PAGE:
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Opera GX gamifies the browser at E3 2019

The company reskins and revamps its Opera internet browser with gaming-specific features like resource limiting, always-on-top for games and Razer Chroma support.

Opera GX has basic RAM and CPU limiter apps to keep the browser from getting too piggy when you need the resources for a game.

Opera

Lesser-known web browser-developer Opera has tried to ease gamers' pain points with its new Opera GX browser, announced today at the E3 gaming show. It looks and feels much different than the standard browser, with different customizations, but some of the changes go more than skin deep.

For instance, in GX Control it lets you set hard or soft limits on the amount of memory and CPU the browser can use -- something every browser could benefit from, frankly -- so that you can leave the browser open while playing without taking a performance hit. It does so by intelligently juggling tabs and unloading idle pages; if you set a hard limit, it will close tabs ruthlessly.

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The CPU limiter constrains the percentage of CPU the entire browser can hog, which can help when you need to free up cores for streaming but still need to monitor streams via the browser. I wish it were more granular, though, with the ability to, say, allocate a number of cores instead.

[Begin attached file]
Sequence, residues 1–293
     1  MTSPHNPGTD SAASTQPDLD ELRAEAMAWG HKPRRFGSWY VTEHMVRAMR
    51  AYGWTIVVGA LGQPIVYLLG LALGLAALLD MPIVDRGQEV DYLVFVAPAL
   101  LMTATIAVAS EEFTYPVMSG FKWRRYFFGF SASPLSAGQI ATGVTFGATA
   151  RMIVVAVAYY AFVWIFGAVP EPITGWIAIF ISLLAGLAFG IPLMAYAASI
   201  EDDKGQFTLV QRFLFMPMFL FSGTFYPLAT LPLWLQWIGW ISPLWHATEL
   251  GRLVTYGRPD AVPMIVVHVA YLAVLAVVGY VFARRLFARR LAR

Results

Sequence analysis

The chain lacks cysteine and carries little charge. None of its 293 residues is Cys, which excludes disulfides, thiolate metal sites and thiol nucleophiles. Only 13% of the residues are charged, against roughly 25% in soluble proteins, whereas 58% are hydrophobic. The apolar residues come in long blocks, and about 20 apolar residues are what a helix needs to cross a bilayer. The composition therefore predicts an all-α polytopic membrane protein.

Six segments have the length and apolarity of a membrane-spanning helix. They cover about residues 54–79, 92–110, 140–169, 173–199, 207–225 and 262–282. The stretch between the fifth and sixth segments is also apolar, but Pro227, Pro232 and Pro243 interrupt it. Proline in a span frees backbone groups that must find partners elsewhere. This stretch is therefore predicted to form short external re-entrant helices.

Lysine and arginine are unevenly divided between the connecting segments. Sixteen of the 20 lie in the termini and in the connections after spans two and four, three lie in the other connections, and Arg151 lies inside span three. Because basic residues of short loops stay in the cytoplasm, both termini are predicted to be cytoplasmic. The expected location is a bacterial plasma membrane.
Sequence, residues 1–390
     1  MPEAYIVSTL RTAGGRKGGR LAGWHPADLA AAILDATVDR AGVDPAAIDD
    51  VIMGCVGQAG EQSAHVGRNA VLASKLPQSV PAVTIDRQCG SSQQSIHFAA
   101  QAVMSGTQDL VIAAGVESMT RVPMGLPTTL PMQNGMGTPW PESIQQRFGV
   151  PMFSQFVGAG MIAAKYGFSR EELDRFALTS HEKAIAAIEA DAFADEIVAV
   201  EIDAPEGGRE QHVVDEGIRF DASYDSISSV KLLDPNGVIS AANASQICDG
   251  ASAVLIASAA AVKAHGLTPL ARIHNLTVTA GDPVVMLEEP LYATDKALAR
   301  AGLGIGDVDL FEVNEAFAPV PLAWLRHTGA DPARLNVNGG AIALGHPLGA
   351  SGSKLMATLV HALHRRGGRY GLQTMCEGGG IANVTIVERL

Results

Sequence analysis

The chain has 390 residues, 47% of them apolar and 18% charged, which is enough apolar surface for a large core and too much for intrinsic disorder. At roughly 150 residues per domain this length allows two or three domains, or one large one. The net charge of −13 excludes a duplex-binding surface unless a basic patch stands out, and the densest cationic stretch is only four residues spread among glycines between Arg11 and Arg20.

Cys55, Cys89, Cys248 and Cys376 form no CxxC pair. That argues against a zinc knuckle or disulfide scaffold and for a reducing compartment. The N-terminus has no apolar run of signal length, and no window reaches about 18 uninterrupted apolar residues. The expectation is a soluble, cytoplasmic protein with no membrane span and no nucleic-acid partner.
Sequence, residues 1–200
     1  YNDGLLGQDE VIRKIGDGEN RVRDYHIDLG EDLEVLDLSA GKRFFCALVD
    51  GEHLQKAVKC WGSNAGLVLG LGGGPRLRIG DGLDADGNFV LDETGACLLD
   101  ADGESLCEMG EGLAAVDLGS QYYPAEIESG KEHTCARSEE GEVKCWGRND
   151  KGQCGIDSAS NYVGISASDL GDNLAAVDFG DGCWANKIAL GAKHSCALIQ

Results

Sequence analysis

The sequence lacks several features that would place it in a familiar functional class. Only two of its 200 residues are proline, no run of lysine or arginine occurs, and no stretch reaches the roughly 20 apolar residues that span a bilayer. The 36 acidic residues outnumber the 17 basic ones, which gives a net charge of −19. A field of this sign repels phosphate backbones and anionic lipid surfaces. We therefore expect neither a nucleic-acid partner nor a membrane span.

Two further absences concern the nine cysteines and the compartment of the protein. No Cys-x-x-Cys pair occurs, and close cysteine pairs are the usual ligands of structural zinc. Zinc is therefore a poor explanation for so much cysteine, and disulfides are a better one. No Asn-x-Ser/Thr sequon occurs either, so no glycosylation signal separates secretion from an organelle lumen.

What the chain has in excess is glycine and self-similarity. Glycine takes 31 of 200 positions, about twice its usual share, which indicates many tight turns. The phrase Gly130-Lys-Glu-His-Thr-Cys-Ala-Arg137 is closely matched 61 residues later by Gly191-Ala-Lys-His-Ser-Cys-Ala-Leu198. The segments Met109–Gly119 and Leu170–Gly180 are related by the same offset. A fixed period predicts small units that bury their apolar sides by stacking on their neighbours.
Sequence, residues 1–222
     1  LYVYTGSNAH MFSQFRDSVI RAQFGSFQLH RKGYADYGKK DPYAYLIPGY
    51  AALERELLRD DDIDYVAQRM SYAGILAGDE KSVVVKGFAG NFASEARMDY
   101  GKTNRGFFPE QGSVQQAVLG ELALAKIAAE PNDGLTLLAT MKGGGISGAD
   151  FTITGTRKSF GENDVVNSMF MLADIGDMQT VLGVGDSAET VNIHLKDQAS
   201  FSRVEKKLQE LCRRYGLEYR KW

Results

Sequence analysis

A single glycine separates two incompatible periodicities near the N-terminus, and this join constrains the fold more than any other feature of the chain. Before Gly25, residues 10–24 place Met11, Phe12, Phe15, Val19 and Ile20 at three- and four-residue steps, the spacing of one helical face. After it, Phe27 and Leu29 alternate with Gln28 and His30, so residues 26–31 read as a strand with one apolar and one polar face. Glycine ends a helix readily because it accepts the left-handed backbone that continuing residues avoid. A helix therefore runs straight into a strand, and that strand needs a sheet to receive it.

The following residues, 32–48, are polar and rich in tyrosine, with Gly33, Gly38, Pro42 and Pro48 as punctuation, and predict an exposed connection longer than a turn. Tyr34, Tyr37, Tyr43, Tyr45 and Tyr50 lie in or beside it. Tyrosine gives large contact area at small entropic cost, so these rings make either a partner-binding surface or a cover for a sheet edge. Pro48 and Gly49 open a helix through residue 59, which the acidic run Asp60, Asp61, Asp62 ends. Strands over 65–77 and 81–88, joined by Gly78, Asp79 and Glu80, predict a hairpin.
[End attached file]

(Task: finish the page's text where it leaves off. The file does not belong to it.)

opera-gx-jun-2019-video-pop-out

You can pop out YouTube or Twitch streams and pin them on top.

Opera

Opera's had the ability to pop out video windows for a while, but here the company adds the ability to pin YouTube or Twitch on top of a game, which is nice if you want to monitor a competitor's location on their stream or keep a walk-through handy, especially in single-monitor setups. In the next release Opera will be adding a shortcut toggle for it.

Opera GX also uses the sidebar of its parent browser, but customized for gamers; for instance, you can receive Twitch stream starting notifications.

The biggest hole in the Level 1 feature set feature set -- you can download the early access version today if you want to give it a shot and offer feedback -- is controller support so that you don't need to jump between the mouse and the controller.  The company says that's on its short list of capabiilities to add.

The rest of the browser's features are more about convenience and experience. You can set custom wallpapers and colors, including syncing with Razer Chroma (though it's not the first browser to sync with Chroma), and the overall design is more angular, with colored borders to simulate the look of LEDs. (It defaults to black with red outlines, because "red browsers are the fastest.")

An animation with sound greets you on launch, and custom beeps and boops sound when you click on tabs; you can disable them if you like.

As with any browser you can customize the home screen with the sites you visit most often. Launching GX Corner brings you manually curated lists of upcoming games and deals (in local currency), as well as a feed of the latest news. The news isn't curated, but you can customize which sites and categories to show, which is nice. (The rest is pulled from and links to IGBD.) It's all information you can get from other sites, and you probably already have your own favorites, so I'm not sure it will be worth it to Opera to maintain it.